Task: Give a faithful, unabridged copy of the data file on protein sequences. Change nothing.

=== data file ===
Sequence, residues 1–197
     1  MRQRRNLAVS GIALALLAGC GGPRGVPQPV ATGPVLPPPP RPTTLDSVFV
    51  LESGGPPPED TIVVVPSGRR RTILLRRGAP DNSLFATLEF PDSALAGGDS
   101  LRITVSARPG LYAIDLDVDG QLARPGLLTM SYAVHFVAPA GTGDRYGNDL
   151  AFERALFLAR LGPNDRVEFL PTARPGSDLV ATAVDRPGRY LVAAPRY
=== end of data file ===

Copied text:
Sequence, residues 1–197
     1  MRQRRNLAVS GIALALLAGC GGPRGVPQPV ATGPVLPPPP RPTTLDSVFV
    51  LESGGPPPED TIVVVPSGRR RTILLRRGAP DNSLFATLEF PDSALAGGDS
   101  LRITVSARPG LYAIDLDVDG QLARPGLLTM SYAVHFVAPA GTGDRYGNDL
   151  AFERALFLAR LGPNDRVEFL PTARPGSDLV ATAVDRPGRY LVAAPRY